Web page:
On January 23, 1570, Gresham’s bourse was officially opened by Queen Elizabeth I, at whose suggestion it was called the Royal Exchange. It quickly became the centre of London’s busy commercial life.
The Royal Exchange was destroyed by the Fire of London in 1666. The present building dates from 1844. Nowadays, most of London’s commodity markets do their business in their own exchanges, and the Royal Exchange is used today as commercial offices.
Posted in Discoveries, Historical articles, History, Trade on Friday, 12 April 2013
This edited article about the Hudson’s Bay Company originally appeared in Look and Learn issue number 225 published on 7 May 1966.
When King Charles II signed a charter on May 2, 1670, granting to his cousin, Prince Rupert, and seventeen other merchant adventurers sole rights of trade in the unoccupied lands of Hudson’s Bay, no one realized the vast territory that had been handed over to a private trading company.
The story of Hudson’s Bay began in 1517, when Sebastian Cabot sailed into it but made no attempt at exploration. In 1610, Henry Hudson sailed into the bay and gave it his name. But even after these early ventures, the land surrounding the mighty gulf of icy water, stretching as far north as the Arctic Ocean, seemed too inhospitable for Europeans.
Then in 1663, the French trade-explorer Pierre Radison, who had travelled along a small part of the Bay’s shore, brought into Quebec a cargo of 60,000 beaver skins worth £100,000. Dazzled by this, Prince Rupert determined that England should have a share in the wealth of Hudson’s Bay.
Years of exploration were necessary before the Company of Adventurers discovered that the land included all of the present Canadian provinces of Manitoba and Saskatchewan and a large part of Alberta.
Prince Rupert’s charter gave the Hudson’s Bay Company more than just trading privileges. The company also owned the land and governed the people. But in 1869, it was forced to surrender most of its privileges and large tracts of its territories to the Dominion of Canada.
Posted in Engineering, Historical articles, History, Railways, Trade, Transport, Travel on Wednesday, 20 March 2013
This edited article about Victorian railways originally appeared in Look and Learn issue number 205 published on 18 December 1965.
The comfort of the Pullman coach of a late-Victorian passenger train by Harry Green
The great advance which marked the Victorian Age would not have been possible without the development of a more rapid means of travel. On land this was due to the railways, which had the same influence upon people’s lives last century that the motor-car and the aeroplane have upon our lives today. Before they came, people moved about at much the same pace as they had done at the heyday of the Roman Empire fifteen hundred years earlier. For example, when Sir Robert Peel, the statesman, had to come at very short notice from Rome to London in 1834 it took him twelve days to get to Dover. In 1827 Dickens made one of his characters leave London by coach at 7 a.m., reaching Bath, a hundred miles away, over twelve hours later.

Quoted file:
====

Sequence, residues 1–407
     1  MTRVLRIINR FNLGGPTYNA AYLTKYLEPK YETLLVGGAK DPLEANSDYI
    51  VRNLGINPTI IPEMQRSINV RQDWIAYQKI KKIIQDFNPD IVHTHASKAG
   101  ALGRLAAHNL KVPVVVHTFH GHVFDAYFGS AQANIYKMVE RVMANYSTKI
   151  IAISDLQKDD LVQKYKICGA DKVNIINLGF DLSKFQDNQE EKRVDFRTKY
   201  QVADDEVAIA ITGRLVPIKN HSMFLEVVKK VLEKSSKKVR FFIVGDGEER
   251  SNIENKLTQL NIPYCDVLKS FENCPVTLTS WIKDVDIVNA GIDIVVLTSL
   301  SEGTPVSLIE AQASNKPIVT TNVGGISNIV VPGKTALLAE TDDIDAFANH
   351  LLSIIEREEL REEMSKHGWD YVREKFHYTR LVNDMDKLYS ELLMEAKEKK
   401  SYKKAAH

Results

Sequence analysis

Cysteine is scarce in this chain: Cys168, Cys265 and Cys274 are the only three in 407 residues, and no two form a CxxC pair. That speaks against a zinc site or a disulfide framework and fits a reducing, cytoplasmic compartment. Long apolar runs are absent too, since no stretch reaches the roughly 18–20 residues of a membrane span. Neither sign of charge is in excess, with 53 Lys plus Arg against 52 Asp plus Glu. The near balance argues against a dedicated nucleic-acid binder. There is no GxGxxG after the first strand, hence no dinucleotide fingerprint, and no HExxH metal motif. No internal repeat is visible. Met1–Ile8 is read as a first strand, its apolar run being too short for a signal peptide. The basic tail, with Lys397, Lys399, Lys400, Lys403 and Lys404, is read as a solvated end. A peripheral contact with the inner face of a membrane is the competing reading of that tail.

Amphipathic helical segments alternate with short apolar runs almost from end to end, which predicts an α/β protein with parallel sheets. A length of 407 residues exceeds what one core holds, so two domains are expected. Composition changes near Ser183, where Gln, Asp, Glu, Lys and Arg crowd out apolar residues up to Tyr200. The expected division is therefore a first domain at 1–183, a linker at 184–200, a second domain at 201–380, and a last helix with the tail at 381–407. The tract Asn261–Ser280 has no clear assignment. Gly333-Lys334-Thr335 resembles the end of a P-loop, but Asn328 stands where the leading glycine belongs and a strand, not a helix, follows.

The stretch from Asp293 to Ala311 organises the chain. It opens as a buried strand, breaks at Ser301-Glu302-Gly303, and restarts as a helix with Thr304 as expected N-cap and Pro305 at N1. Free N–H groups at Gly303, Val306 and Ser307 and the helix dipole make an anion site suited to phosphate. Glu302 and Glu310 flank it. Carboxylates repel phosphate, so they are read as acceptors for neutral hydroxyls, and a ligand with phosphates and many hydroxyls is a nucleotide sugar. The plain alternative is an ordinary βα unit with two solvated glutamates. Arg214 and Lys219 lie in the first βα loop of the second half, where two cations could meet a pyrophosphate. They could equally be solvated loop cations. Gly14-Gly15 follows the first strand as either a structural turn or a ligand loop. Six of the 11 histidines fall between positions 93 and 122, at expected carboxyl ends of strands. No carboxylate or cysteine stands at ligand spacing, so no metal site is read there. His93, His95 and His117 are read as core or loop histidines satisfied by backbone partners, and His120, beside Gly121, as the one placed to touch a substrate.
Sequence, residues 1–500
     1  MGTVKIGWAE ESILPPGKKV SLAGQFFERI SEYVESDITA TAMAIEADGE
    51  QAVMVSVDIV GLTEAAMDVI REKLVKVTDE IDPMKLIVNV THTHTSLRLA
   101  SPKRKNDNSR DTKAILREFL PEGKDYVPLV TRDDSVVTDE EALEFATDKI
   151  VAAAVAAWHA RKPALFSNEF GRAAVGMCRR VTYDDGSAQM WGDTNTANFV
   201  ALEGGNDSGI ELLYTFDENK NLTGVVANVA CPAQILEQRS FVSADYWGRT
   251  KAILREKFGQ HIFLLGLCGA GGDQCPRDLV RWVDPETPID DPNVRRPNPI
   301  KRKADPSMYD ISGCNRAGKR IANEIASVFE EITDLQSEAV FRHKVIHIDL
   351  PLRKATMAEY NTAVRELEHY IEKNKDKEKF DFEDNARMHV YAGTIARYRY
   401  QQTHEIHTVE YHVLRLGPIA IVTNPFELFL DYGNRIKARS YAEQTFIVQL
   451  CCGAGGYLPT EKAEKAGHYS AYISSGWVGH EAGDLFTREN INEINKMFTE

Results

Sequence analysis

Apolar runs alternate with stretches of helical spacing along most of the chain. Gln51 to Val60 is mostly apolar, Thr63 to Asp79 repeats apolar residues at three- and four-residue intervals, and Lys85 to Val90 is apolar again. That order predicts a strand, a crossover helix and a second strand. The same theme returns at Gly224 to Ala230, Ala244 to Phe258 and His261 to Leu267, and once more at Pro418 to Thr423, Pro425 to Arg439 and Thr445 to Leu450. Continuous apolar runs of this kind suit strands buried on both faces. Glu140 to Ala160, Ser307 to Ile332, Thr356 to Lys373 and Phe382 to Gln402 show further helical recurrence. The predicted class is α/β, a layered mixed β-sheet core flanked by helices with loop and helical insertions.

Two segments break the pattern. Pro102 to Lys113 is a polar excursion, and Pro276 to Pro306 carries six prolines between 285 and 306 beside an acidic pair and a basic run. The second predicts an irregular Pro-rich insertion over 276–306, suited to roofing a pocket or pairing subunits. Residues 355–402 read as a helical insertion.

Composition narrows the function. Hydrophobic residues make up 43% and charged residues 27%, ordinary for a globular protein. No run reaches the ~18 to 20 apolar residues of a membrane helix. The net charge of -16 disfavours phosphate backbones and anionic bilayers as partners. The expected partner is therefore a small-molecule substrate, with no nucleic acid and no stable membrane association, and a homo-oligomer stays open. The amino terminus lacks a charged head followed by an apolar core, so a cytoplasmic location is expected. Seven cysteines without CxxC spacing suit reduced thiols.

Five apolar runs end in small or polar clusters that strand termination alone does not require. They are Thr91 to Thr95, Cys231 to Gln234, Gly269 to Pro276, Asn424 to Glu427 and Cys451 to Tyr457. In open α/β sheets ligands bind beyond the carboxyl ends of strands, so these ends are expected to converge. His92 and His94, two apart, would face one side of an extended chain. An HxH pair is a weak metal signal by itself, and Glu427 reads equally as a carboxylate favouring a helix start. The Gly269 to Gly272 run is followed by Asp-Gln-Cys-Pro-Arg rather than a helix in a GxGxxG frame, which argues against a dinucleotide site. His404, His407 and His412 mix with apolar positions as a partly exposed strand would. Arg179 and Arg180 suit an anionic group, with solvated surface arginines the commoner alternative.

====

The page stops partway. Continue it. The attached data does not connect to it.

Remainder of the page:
The railways got off to a slow start. Short railways worked by horses had long been known, and a few steam locomotives had been built, but they had met with little success. In 1814 George Stephenson succeeded in inventing a locomotive engine which was cheaper than horse-power, and after that things began to move more rapidly. In 1825 a railway was opened between Stockton and Darlington, and five years later another between Liverpool and Manchester.
The directors of the company operating the latter line offered a reward of £500 for the best locomotive that could be made. Four engines were entered for the competition, but Stephenson’s Rocket was the only one that could move, and it proved able to travel at the rate of thirty-five miles an hour.
At the official opening of the Liverpool-Manchester line, William Huskisson, M.P. for Liverpool, was knocked down by a train and killed – the first person in England to lose his life in a railway accident – but it seems that this tragedy did more to attract attention to the power of the locomotive than to discredit it.
Naturally there were a lot of people whose interests were adversely affected by the coming of the railways, and they raised all sorts of objections. Poets like Wordsworth thought railways hideous, and farmers complained of frightened horses and cattle: complaints came from the people whose pockets were going to be affected, such as keepers of posting-houses, stage coachmen, and canal proprietors. They found a doughty champion in Colonel Sibthorpe, M.P. for Lincoln, who “abominated all railroads soever,” and made it his business in the House of Commons to oppose every measure which favoured them. But before Queen Victoria had been ten years on the throne the railway network was roughly what it is today.
For many years the countryside was covered by armies of “navigators” or “navvies” employed in making cuttings, embankments, and tunnels, and in laying the permanent way. In 1848 nearly 200,000 labourers, many of them Irish, were engaged in this vast task. With their rough habits and speech, high wages, and fondness for steaks, plush waistcoats, and whisky – which they called “white beer” – they alarmed the people in every place where they camped.